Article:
https://www.cnn.com/2020/04/16/healt...ial/index.html
    Johns Hopkins and U of MD (I think) are also conducting studies on remdesivir.
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  13. #673
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    Random thought of the early AM before heading to work: Huge crowds protesting against coronavirus lockdowns at state capitols.

    Protesting the lockdown while wearing masks to protect them from the virus? Makes sense. Oh, and don't forget those heavy duty assault rifles. That's quite essential during a viral pandemic.

    Can't wait to see this happening at my state capitol on the 24th as our governer just extended our stay at home order through May 26. The fact that a facebook group called Wisconsinites Against Excessive Quarantine has 66,000+ followers in less than a day is honestly scary. Their posts and comments are even more scary. Stop being dumb. Think of others and stay home.

  14. #674
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    Quote Originally Posted by Peanut View Post
    I have no idea. That's why I was asking Butler. Trying to get opinions on what other alternatives we have.

    I was on lock down 2-3 weeks before it became official in MD. If the restrictions were lifted right now, I would still chose to continue to isolate / social distance. I feel safer.



    That works but what if hubby unknowingly (even with him taking precautions) brings it home to me? I don't think there's an easy solution.



    I understand the hardships the lock downs are having on people who have lost their jobs. It helps people like myself that have compromised immune systems. There is no easy answer.



    Johns Hopkins and U of MD (I think) are also conducting studies on remdesivir.
    I donít have the answers either but a gradual rollback starting at the beginning of May some states are adopting seems to be a reasonable solution. Imo leaving everyone in lockdown until thereís a vaccine wonít work.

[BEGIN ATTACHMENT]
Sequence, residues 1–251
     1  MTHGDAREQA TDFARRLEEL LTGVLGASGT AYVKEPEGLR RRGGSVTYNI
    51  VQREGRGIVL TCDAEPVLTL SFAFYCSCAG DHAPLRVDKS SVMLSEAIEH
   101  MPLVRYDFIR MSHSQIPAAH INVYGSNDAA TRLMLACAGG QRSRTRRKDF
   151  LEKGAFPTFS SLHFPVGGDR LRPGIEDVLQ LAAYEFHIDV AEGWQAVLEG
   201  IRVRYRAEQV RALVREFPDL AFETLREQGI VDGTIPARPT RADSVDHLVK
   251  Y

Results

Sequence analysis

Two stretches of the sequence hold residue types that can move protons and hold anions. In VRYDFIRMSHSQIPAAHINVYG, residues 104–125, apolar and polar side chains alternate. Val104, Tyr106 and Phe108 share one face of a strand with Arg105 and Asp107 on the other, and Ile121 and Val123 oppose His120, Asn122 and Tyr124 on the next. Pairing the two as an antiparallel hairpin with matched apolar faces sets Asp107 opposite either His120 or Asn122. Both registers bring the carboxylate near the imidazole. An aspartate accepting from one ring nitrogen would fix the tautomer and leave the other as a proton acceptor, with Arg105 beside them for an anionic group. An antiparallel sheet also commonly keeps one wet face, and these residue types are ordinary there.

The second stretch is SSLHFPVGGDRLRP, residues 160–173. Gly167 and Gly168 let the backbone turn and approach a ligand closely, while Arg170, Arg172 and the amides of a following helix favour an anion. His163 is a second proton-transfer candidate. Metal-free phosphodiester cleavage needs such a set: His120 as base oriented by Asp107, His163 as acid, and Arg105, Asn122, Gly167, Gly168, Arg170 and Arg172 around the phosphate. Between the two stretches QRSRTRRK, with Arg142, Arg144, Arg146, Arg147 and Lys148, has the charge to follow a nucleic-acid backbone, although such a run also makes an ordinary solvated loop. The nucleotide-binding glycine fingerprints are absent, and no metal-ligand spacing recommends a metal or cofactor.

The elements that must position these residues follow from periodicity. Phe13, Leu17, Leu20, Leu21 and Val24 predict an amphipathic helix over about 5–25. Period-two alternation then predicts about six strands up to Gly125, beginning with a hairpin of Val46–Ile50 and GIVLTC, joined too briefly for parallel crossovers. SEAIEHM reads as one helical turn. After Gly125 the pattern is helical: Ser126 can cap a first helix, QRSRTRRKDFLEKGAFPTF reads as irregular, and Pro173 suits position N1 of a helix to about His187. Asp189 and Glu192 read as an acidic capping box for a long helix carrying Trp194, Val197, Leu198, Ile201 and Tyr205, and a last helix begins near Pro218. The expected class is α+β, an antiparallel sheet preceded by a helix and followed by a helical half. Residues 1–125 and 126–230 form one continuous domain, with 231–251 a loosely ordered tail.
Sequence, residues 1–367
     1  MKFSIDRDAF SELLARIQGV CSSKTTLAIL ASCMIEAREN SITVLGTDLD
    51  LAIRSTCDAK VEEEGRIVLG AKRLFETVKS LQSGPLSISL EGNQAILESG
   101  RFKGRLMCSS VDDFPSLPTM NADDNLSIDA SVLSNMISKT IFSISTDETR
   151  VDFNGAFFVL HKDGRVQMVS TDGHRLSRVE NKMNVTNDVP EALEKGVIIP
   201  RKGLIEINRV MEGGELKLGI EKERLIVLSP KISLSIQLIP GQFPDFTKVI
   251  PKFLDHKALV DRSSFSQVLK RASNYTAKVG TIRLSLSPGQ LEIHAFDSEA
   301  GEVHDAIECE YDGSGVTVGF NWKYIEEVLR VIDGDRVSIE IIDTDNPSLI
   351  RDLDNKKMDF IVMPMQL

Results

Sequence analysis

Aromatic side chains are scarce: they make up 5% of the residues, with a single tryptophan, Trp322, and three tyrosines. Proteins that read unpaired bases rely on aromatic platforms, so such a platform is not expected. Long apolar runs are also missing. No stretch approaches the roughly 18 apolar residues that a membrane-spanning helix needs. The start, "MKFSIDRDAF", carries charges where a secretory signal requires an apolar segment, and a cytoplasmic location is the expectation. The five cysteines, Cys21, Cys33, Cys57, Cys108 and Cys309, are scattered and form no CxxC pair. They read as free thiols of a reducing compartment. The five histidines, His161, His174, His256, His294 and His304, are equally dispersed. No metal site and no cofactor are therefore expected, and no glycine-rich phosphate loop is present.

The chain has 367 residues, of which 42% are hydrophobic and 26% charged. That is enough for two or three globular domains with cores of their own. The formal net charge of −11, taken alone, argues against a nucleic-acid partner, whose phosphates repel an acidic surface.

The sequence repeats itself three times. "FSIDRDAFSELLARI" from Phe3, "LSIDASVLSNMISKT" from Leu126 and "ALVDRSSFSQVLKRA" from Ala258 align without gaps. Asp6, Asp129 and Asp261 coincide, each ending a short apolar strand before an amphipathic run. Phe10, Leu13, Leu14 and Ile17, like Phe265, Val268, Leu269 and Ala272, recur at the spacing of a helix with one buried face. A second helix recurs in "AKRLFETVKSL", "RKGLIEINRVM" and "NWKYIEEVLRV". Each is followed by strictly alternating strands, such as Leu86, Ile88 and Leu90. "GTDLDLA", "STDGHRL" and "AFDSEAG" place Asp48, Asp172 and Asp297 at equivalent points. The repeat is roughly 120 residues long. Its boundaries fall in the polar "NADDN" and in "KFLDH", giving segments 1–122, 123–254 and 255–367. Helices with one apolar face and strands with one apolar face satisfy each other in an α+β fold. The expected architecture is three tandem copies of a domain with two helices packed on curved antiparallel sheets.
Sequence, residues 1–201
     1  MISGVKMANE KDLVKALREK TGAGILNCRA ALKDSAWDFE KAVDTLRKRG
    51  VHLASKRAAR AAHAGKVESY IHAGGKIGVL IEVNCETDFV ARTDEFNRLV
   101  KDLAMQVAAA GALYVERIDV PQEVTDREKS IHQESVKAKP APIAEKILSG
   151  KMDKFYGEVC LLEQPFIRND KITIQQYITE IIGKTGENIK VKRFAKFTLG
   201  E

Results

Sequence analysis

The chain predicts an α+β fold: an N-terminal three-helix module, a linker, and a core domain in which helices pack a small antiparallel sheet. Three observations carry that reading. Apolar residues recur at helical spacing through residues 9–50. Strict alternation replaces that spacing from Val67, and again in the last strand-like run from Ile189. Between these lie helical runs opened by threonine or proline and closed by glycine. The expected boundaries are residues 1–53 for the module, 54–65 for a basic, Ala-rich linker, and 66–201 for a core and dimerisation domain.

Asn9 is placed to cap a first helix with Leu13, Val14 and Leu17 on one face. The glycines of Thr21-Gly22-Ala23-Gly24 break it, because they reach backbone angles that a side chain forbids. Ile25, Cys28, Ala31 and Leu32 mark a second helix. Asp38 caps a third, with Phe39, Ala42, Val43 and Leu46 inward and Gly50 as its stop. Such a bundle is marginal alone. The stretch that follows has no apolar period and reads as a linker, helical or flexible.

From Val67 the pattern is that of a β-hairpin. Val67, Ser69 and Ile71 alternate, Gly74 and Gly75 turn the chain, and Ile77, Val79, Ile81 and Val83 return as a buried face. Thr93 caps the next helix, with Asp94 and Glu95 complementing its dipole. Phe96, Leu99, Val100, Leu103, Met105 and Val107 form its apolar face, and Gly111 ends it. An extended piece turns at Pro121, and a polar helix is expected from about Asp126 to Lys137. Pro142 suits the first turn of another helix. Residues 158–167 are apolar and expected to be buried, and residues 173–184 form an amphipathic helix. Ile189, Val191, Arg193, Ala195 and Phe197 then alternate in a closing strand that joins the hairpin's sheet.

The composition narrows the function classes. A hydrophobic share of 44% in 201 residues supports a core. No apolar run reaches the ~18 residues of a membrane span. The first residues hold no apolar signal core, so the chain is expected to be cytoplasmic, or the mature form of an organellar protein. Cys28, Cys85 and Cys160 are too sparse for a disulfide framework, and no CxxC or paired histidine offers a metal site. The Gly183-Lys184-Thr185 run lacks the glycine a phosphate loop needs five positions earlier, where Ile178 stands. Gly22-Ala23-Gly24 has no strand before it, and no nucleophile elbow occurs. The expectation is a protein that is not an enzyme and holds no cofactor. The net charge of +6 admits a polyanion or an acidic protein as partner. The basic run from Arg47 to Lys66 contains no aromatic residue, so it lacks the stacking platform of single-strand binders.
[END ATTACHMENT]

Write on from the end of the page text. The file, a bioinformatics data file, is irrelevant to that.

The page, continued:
15. #675
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    Quote Originally Posted by Peerless View Post
    Random thought of the early AM before heading to work: Huge crowds protesting against coronavirus lockdowns at state capitols.

    Protesting the lockdown while wearing masks to protect them from the virus? Makes sense. Oh, and don't forget those heavy duty assault rifles. That's quite essential during a viral pandemic.

    Can't wait to see this happening at my state capitol on the 24th as our governer just extended our stay at home order through May 26. The fact that a facebook group called Wisconsinites Against Excessive Quarantine has 66,000+ followers in less than a day is honestly scary. Their posts and comments are even more scary. Stop being dumb. Think of others and stay home.
    I think the people in Minnesota have a right to be upset. Theyíre not just protesting the lockdown but the fact theyíre being told what they can and canít buy, such as gardening items. Idaho is doing a great job and is probably more heavily armed then any state out there but the levels of frustration are not the same because when we go to Walmart they donít have entire sections roped off. Weíre not being told we cant be in our front yards...